Wrapping things up, and with a new battery providing a bit more confidence in the Drifter bakkie, it was off to Klein Waterval. This farm, in the shadow of the Swartberg mountains had just been purchased by Adriaan Nortjie of Caroluspoort Game Farm, and they were waiting for me. Armed with gate key, a cup of coffee and chilli-biltong, all kindly provided by Adriaan, it was into the rough and hilly terrain of Klein Waterval. The terrain was in stark contrast to the flat and almost featureless pentads of the previous days. By the following day I had to count it as a minor miracle that the sharp shale rock and spear-like Acacia thorns had not resulted in a puncture.

For the evening I'd booked into the Groot Waterval guest farm not too far away (although a glance the wrong way at the wrong time meant missing the sign and getting lost, negatting that particular benefit). Now, if you are considering a Karoo holiday I have to strongly recommend Groot Waterval, not too far from Prince Albert. The hospitality was exceptional: I was invited to have dinner with Danie and Narina Le Grange and their son Terblanche; after which I felt like part of the family. You can find them here: http://www.grootwaterval.co.za/.

Friday morning was the wrapping up of the Klein Waterval pentad. Despite also having received the good rains (that washed away the Swartberg Pass just past Prince Albert), I was surprised again by the low species count, this time the lowest of the three pentads for the week at 29. By contrast, surveys in the pentads from March had provided species lists generally over 60 species. In general, granivores were scarce, with another bird noteable by its absence being the Lark-like Bunting. Here, perhaps due to poor summer rains, there was an almost complete absence of grass across the pentads, which might partially explain this. So: its not only if you get the rain, but also when you get it, that appears to be important for determining species richness in the Karoo. It is also clear that in order to maintain the unique species community, that vast areas will need to be maintained in near-natural state in order to provide the resources to those species that have to track resources in space and time.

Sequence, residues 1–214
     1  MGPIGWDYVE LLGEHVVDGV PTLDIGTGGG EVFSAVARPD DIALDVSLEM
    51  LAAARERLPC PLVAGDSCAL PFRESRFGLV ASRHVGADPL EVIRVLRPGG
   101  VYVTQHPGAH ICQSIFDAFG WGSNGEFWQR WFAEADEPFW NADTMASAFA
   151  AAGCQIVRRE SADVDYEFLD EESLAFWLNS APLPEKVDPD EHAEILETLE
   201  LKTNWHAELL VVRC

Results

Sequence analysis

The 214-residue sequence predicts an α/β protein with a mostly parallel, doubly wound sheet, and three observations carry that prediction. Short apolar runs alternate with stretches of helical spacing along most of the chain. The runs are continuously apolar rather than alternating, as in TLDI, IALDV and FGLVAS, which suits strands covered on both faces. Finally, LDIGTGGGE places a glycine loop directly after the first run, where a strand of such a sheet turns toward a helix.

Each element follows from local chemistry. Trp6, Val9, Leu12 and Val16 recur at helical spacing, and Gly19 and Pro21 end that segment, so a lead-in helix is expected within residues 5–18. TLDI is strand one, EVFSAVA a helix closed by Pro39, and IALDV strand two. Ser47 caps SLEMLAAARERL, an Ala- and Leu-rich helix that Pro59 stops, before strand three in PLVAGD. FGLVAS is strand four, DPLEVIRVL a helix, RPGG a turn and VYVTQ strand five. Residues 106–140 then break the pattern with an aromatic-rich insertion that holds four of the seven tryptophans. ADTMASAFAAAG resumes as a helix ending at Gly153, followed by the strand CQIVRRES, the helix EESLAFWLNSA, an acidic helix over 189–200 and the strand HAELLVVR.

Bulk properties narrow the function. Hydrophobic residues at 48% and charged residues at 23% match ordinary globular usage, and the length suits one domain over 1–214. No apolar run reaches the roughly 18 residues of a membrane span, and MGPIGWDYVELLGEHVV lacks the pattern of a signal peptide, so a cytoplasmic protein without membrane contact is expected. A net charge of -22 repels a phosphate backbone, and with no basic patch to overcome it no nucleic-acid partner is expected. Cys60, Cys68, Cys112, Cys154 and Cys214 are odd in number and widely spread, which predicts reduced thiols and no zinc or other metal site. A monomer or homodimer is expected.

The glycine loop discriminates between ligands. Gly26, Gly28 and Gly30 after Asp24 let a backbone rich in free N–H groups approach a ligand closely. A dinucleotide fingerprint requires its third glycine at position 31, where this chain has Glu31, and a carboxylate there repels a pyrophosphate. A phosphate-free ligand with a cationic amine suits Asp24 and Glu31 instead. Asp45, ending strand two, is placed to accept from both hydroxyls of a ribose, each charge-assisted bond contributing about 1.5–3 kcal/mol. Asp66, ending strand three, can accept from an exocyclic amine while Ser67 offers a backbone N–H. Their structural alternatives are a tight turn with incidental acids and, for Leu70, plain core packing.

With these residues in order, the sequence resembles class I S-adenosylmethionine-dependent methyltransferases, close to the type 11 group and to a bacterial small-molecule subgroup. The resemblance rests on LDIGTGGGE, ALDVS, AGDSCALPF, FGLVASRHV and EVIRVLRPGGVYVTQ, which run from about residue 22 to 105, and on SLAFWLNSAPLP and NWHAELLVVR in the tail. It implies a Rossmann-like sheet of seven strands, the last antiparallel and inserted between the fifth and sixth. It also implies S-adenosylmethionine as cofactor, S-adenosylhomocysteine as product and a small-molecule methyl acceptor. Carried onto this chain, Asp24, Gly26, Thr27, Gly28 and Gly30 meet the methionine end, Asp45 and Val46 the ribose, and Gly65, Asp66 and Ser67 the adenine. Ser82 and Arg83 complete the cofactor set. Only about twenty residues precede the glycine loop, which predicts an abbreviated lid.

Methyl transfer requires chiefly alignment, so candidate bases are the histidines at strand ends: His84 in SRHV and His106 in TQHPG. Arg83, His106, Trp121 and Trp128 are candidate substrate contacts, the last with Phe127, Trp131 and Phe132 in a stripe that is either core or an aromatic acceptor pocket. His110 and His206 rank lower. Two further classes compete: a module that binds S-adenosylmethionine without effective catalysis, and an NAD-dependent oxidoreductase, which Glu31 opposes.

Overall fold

Again, thanks to Buyusili de Bruyn, Stefan Theron, Ian Murray, Adriaan and Janien Nortjie and the Le Grange family for another memorable week of Karoo Birds Surveys.

And lets wrap it up with some bird shots...

Greater Kestrel

Double-banded Courser

Karoo Chat

Karoo Chat with grasshopper lunch

Karoo Chat (you should know that by now)

Bat-eared Fox

Only possible selfie of the sections surveyed by bike...

The Drifter adrift in the Karoo

Tuesday, 28 March 2017

Karoo Surveys part 2: Karoo National Park and Victoria West area

Tuesday evening, Victoria West: isolated thunderstorms march across the plains of the Karoo. Strong winds kick up dust everywhere. In the late afternoon, I had to abandon an extended count associated with the local dam in fear of a drenching. But the walls of rain are picky in where they choose to fall, and the afternoon was spent mostly in anticipation of what the dark skies would unleash. Visions of a flooded campsite and rescuing the contents of my tent did not materialise.

The week had started well though. For my birthday I’d booked a family cottage in Karoo National Park for the Saturday night to lure Anja away from Uniondale. The rest camp was used mostly just for exactly that – resting during the hot, dry afternoon. Sunday morning I snuck in the first point counts during a drive up the Klipspringer pass, while Anja enjoyed watching the Black Eagles launching themselves off of the edge of the canyon, swooping below us and down the valley, to return within minutes out of nowhere with a new stick for their nest. Right now this must be the most epic place to watch these birds in action.

It appears that it has been some time since a good rainfall has blessed the park. Despite the dry and dusty feel, bird life was good. The bird hide revealed a Little Bittern (or the eye at least), as well as several wildlife encounters: notably a Grey Mongoose sussing out a resting Hadeda. Little Swifts filled the air in their hurry to go nowhere particular, a task achieved a lot more sedately by the camps many giant Leopard Tortoises.

This is what must pass as a mermaid in the Karoo

With the family back on their way to civilization (as I know it), I started counting in earnest. With temperatures below 30 degrees, coupled with overcast skies, conditions were pleasant, and birds were active: each point taking an age to complete. There is plentiful tolerant wildlife in the park, which also provided many distractions between points. How can one ignore so many picture perfect occasions?

Monday morning and the counting continued on the escarpment plateau, where Sickle-winged Chats are at their most common. At 10.30 am the gravel plains were starting to get a bit reticent about revealing their occupants and I headed for the Bulkraal picnic spot. Here a pump and regular watering of the lawns mean a lot of semi-habituated birds, although the resident Namaqua Warblers proved too elusive for the lens. A particularly exciting rarity encountered there was a Faansie Peacock, author of Chamberlain’s LBJs and Waders books, and a species which can be accurately identified from the photograph on the back of the Wader’s book.

Familiar Chat

Sickle-winged Chat. These 2 will take up ours of my life trying to separate in the field.

Further distractions from my make-shift office under the Acacia trees included a curious Vervet Monkey, which forced me to temporarily abandon work as it perched in the branches above my laptop, forcing an evacuation due to fear of a drenching in monkey pee. Then it was bye-bye park as I headed to Molteno Pass, which forms the eastern boundary of the pentad I was surveying. By 6pm the survey line was complete and it was the 120km drive to Victoria West, the small Karoo town that services the N12 highway traffic to Kimberley.